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Many providers will at some point be involved in an inquest by virtue of delivery of care and services to the elderly and vulnerable. 

Initial contact from the coroner’s officer can be by telephone or in writing (e-mail or letter) and typical early requests may be for: 

  • Resident care plans and records; 
  • Incident reports. 
  • Risk assessments. 
  • Statements of staff. 

It is crucial that careful attention is paid to dealing with any or all such requests and that there is an understanding of wider implications. The purpose of this briefing is to highlight the practical steps that providers should take to minimise the impact of the inquest and to be ready to deal with any simultaneous or consequent action following the death by the regulator and/or safeguarding and/or police authorities. 



What is an inquest?  

An inquest is a fact-finding investigation into a death which appears to be due to unknown, violent or unnatural causes. A coroner and sometimes a coroner with a jury sit in a public court hearing evidence about the circumstances of the death. 

What is the purpose of the inquest? 

The coroner has to answer 4 questions: who the deceased was; and where, when and how did they die. The “how” question is usually the most difficult and is where the inquiry is focused. 

How long does the inquest process take? 

An inquest must usually be completed within six months of the date on which the coroner is notified of the death, The coroner is required to report any inquests that have not been concluded within a year to the chief coroner. Many inquests take at least a year from first notification to conclusion because of the pressure on resources in coroners’ courts.  

Will a representative from the provider have to attend the inquest?  

Staff are often required to attend the inquest in addition to providing a written statement and this includes members of the senior management team. This can cause anxiety and stress and requires careful support and management.   

Can the coroner criticise the provider and/or their staff? 

Although the inquest is not seeking to establish liability or blame, if the coroner considers that acts or omissions of the provider and/or their staff may have caused or contributed to the death they will be identified as Properly Interested Persons. Where appropriate the coroner can identify failings and missed opportunities and can record these in open court.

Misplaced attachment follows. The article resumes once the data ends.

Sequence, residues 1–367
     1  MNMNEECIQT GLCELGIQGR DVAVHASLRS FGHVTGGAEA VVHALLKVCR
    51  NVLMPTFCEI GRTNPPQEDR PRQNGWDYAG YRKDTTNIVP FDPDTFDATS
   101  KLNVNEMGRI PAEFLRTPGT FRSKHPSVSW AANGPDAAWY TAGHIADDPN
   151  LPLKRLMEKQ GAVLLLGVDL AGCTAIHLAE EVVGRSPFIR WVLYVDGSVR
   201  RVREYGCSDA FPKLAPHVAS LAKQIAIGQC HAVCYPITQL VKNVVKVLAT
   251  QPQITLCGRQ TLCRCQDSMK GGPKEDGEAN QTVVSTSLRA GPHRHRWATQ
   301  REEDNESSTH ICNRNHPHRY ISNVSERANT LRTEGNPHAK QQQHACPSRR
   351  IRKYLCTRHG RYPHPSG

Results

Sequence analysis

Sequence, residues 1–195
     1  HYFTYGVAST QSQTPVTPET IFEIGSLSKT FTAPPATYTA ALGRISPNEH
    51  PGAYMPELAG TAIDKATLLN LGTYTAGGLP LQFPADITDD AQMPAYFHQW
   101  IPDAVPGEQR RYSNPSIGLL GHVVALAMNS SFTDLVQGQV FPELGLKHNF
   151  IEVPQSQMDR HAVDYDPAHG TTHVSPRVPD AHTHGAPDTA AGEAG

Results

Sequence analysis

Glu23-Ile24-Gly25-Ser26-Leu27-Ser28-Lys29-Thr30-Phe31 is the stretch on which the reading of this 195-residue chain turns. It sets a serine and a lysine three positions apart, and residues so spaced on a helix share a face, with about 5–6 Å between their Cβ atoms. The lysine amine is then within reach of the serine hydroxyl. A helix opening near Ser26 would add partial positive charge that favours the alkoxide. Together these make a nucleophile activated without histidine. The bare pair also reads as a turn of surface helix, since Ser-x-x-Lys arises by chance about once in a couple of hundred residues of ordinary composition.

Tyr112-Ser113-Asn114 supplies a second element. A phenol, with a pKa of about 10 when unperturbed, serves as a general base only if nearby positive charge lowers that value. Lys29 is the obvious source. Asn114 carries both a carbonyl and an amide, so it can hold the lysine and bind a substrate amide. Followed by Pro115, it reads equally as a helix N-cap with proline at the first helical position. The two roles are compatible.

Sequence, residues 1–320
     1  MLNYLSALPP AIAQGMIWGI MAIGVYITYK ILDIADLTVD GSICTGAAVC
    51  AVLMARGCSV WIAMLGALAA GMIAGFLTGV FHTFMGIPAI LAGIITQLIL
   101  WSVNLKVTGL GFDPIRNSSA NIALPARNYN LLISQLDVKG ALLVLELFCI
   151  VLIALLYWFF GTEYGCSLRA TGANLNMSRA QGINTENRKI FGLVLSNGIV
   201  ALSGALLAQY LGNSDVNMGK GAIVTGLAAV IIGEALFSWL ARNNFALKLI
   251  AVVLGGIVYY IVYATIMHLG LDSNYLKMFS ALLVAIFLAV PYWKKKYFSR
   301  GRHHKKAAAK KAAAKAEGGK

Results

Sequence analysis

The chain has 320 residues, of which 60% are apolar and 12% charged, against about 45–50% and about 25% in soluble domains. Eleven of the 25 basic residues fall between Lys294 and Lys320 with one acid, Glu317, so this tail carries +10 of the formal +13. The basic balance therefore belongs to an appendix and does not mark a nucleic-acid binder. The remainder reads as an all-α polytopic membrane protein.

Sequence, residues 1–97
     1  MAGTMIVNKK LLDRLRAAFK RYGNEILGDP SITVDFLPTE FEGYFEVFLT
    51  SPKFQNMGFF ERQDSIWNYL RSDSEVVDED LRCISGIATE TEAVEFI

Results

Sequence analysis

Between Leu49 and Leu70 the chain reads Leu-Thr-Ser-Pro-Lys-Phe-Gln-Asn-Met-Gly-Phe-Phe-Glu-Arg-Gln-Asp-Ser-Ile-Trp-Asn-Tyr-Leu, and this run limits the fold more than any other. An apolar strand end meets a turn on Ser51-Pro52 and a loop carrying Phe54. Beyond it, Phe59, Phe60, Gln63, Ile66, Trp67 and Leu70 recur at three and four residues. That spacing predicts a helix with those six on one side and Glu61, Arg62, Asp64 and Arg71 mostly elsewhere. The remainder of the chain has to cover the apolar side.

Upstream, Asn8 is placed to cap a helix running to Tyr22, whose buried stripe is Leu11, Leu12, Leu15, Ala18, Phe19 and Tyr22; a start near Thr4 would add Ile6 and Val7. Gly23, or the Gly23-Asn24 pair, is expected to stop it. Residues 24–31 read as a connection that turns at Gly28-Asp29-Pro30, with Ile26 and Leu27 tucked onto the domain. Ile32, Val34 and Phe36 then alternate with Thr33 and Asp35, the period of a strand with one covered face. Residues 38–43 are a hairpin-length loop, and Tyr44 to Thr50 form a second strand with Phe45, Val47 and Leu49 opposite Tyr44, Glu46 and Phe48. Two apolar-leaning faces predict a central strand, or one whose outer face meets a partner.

Is the inquest a private matter? 

The inquest is a public hearing and members of the public and press can attend. There is a risk of publicity and reputational damage if the press/media report on the inquest either locally or nationally.      

Is the inquest the end of the investigation into the death?  

In addition to reaching a conclusion and confirming the medical cause of death, the coroner must look at whether a report should be made about action to be taken to Prevent Future Deaths (PFD report). If a provider receives such a report they must respond within  56 days. The report and response will also be shared with the chief coroner and with CQC, Safeguarding Authorities, HSE and Police as required and published on a dedicated website which is accessible to the public. 



It is very important to approach the inquest with an understanding of what it could lead to: 

  • Public criticism of staff and/or the organisation 
  • Referral by the coroner to CQC, or CQC responding to publicity or their own involvement prompting inspection /enforcement action  
  • A PFD report sent to Police CQC and LA leading to further investigations  
  • Action plan having to be created to show changes which will be monitored  
  • Local Authority decide to carry out a large-scale investigation leading to multi-agency and safeguarding meetings 
  • Police decide to investigate criminal charges of gross negligence manslaughter corporate manslaughter and wilful neglect. Concerns about the action plan not being followed. Interview of staff members. Seizure of documents and lengthy police involvement  
  • The provider and their staff are reported in the local and national media and documentary makers (such as Dispatches/Panorama) pick up the story. 


Practical steps